Two prepublication Federal Register (FR) notices provide the backdrop for the historical demise of several products, and, with the final decision being affirmed that the products lack substantial evidence of effectiveness, they may no longer be marketed unless a New Drug Application with clinical data supporting the indications is submitted and approved.

Vasodilan injection and tablets containing isoxsuprine hydrochloride have been previously withdrawn and, after a long administrative history, the products may no longer be marketed.  The specifics relating to the final Agency decision is outlined in the FR notice here.

The second set of drug products for which the Agency has reached a final decision, after appeals and exceptions had been withdrawn, relate to Vioform-hydrocortisone cream, ointment, and lotion containing iodochlorhydroxyquin and hydrocortisone.  The specifics leading to the final Agency action are provided in the FR notice here.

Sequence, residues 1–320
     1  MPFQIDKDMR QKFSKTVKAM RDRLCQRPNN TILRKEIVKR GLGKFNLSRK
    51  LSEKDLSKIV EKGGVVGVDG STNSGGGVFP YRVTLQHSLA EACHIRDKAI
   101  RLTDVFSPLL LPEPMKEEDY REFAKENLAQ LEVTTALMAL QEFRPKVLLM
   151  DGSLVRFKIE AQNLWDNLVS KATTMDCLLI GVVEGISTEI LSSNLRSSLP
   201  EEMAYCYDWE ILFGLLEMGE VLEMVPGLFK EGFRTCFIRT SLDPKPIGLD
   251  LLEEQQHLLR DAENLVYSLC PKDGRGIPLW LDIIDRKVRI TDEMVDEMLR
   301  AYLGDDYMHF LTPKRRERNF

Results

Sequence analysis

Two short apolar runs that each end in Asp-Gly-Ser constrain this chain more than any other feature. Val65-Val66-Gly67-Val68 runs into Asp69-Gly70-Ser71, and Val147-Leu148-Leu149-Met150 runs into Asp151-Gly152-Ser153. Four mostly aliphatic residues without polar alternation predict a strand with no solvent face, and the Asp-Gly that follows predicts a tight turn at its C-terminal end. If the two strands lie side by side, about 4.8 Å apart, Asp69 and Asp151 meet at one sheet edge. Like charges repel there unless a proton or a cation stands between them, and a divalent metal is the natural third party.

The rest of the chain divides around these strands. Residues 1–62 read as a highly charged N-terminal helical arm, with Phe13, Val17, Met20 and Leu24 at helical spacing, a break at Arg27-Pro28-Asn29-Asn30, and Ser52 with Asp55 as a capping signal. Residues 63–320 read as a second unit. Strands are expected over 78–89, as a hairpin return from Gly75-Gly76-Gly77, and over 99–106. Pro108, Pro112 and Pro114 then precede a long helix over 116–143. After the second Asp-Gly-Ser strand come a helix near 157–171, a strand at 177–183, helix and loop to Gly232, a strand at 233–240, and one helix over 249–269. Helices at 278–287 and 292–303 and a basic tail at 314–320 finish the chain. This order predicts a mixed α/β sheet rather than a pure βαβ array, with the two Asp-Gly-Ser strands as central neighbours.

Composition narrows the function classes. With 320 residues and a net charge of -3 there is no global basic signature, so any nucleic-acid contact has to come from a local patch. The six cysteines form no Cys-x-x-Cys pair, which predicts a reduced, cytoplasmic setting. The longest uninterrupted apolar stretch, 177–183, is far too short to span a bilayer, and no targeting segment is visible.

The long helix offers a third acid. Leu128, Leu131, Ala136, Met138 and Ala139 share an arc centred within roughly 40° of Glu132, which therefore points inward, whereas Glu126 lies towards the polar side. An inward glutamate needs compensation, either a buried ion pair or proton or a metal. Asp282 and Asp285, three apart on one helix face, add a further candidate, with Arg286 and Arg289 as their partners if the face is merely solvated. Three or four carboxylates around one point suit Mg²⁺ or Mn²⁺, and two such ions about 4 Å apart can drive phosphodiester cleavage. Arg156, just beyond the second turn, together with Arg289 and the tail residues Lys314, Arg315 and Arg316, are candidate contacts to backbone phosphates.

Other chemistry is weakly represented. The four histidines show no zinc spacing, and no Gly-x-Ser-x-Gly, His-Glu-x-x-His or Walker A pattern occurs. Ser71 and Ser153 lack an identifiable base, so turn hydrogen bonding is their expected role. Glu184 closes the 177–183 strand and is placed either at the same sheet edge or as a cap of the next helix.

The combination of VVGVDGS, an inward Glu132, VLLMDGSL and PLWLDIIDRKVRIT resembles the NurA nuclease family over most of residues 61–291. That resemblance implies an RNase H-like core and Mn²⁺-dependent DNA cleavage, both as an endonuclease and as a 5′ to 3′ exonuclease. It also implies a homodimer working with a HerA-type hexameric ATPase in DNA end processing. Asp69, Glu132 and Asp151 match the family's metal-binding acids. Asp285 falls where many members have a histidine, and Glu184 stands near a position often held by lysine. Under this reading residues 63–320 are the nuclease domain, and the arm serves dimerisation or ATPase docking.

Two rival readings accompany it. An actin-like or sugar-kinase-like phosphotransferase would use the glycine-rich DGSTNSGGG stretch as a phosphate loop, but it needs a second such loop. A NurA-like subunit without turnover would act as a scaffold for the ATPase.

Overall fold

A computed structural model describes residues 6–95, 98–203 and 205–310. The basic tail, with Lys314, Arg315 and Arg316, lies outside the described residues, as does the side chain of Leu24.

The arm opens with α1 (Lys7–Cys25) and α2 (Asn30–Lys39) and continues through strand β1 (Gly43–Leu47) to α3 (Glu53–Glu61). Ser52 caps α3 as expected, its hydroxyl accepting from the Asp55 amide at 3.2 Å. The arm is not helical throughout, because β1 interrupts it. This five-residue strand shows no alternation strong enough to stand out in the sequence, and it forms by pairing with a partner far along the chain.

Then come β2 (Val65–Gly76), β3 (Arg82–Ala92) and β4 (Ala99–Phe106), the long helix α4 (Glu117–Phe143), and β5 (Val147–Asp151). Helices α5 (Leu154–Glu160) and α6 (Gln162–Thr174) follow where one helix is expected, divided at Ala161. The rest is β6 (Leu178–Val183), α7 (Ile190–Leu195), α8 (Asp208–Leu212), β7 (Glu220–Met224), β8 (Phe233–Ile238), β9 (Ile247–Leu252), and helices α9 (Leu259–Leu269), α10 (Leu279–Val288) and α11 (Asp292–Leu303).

Those of you like me, who are older than dirt, likely remember dispensing or even using these products.  It is somewhat unfortunate that, while the process to evaluate these products and ultimately remove them from the market began in 1972, because of lack of evidence of effectiveness, consumers were potentially exposed to the drug products, which failed to demonstrate effectiveness for their intended indications, for such a long period of time.  Many of the products have been off the market for years but there was a significant period when these less-than-effective drugs were part of mainstream medicine.